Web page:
Australia's Santos Wins State Green Light for $2.6 Billion Gas Project

MELBOURNE (Reuters) — An Australian state on Wednesday approved a A$3.6 billion ($2.6 billion) gas project planned by Santos Ltd, clearing the biggest hurdle for a long-opposed development that the government says could help fill a supply gap expected from 2024. 

The New South Wales Independent Planning Commission said it has imposed strict conditions on a "phased" approval of the Narrabri coal seam gas project, after thousands of critics raised fears it would drain and contaminate groundwater, damage the Pilliga State Forest and worsen climate change.

"Following its detailed deliberations, the Commission concludes the project is in the public interest and that any negative impacts can be effectively mitigated with strict conditions," the state commission said.

The Narrabri project, 520 km (320 miles) northwest of Sydney, could meet up to half of New South Wales' gas needs, helping to replace gas from the rapidly depleting Bass Strait fields that have supplied Australia's southeast for 50 years.

Planning approval for a gas pipeline from the project would also have to be in place before Santos could start construction.

Pipeline operator APA Group said on Wednesday it plans to build a A$500 million pipeline to transport Narrabri gas across the state.

The Australian government has the final say on the project. It is expected to approve it as part of a strategy unveiled this month to boost gas supplies, drive down energy prices and fuel a recovery from the coronavirus pandemic.

"Approval of projects like Narrabri backs both our gas sector and all Australian gas users - creating jobs in New South Wales as we recover from COVID-19," Australian Energy Minister Angus Taylor said in a statement.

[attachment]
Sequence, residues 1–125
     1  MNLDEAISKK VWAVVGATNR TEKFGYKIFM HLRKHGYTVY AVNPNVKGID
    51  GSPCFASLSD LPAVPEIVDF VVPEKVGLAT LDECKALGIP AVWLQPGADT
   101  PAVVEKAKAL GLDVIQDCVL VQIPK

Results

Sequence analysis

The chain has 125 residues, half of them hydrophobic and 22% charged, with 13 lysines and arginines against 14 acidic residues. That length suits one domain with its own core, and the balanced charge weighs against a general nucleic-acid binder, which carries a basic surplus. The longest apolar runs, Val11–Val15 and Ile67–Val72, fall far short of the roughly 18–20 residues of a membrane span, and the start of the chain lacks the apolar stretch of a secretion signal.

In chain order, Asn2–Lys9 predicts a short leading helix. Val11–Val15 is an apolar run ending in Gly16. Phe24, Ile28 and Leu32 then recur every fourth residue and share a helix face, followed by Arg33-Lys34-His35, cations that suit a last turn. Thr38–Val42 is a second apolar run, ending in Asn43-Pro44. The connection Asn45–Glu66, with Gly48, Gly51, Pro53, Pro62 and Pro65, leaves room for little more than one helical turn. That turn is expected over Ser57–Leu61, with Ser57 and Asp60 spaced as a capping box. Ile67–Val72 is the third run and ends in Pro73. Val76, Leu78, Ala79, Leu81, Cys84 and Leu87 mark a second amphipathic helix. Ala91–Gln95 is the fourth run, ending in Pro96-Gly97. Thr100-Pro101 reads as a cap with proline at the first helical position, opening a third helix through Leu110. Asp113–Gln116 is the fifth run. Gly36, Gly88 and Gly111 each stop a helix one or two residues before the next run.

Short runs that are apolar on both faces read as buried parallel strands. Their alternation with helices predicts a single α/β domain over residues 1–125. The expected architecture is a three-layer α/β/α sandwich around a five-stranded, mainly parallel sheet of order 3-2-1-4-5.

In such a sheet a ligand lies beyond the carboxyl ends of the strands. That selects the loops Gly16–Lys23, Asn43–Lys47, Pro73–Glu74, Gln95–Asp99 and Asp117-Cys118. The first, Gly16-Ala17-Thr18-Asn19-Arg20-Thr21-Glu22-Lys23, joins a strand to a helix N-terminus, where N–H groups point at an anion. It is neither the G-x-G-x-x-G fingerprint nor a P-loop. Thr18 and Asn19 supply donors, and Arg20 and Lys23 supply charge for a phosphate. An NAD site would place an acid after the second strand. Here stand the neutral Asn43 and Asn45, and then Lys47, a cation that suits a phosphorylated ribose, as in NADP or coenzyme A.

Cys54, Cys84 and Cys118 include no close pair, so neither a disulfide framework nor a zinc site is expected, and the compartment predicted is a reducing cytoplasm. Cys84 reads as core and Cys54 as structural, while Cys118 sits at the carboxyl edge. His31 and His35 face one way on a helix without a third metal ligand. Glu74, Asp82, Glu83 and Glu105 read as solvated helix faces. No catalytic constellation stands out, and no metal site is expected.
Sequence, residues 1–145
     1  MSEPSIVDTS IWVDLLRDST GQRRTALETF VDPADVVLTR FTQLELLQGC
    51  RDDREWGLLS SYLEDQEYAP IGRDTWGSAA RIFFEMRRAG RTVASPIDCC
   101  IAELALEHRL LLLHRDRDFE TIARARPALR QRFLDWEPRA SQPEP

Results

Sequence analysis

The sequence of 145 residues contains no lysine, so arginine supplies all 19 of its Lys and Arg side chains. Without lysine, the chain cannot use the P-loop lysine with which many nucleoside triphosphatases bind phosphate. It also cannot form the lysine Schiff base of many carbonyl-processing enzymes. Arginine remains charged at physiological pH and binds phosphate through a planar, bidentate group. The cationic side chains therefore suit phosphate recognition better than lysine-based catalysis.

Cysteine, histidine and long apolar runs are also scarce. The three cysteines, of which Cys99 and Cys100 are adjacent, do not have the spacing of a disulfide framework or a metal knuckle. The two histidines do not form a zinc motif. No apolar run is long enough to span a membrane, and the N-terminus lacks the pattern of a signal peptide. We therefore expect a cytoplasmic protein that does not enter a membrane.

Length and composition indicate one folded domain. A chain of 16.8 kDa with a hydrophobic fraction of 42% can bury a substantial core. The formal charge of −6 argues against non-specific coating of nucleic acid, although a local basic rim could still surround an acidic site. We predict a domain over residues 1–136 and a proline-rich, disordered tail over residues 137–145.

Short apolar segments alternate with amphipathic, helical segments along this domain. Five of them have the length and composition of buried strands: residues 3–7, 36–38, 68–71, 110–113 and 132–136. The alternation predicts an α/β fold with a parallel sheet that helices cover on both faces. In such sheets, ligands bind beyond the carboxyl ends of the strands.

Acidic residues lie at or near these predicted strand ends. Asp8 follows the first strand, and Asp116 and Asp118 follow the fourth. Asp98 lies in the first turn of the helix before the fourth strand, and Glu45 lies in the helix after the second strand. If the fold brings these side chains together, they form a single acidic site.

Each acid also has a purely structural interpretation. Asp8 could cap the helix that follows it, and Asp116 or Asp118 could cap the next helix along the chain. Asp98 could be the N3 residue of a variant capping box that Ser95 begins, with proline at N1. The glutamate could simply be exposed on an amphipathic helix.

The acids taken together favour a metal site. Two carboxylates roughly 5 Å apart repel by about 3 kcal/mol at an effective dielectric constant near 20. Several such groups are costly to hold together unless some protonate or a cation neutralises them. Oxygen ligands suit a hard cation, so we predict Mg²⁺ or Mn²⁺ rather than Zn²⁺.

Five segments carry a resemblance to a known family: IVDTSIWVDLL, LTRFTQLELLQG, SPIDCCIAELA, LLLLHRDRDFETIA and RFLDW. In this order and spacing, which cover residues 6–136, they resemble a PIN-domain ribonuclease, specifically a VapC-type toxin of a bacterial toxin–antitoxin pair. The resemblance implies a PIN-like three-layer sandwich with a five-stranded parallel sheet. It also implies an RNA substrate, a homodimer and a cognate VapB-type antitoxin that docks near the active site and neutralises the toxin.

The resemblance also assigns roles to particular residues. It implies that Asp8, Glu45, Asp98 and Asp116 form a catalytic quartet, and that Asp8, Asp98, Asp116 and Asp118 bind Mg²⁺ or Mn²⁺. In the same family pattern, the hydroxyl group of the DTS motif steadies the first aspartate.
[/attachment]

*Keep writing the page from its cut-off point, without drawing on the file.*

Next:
The country's environment minister, Sussan Ley, has 30 business days after receiving the state's report to reach a decision on the project.

Santos welcomed the approval nine years after acquiring the project and accepted all the imposed conditions.

It plans to spend 12 to 18 months on appraisal drilling after receiving all approvals, but did not say when it aimed to make a final investment decision (FID) on the project, on which it has already spent A$1.5 billion.

"We'd aim for an FID within basically a couple of years," Santos Chief Executive Kevin Gallagher told Reuters on Aug. 20.

The commission required Santos to provide more information on its groundwater modelling before allowing it to move from appraisal to construction.

The Climate Council, which opposes the project, said Santos could still face financing and environmental hurdles due to growing opposition to fossil fuels.

"Approving this project and developing new gas is fundamentally at odds with protecting Australians from climate change," said the Climate Council's Will Steffen, a researcher at the Australian National University.

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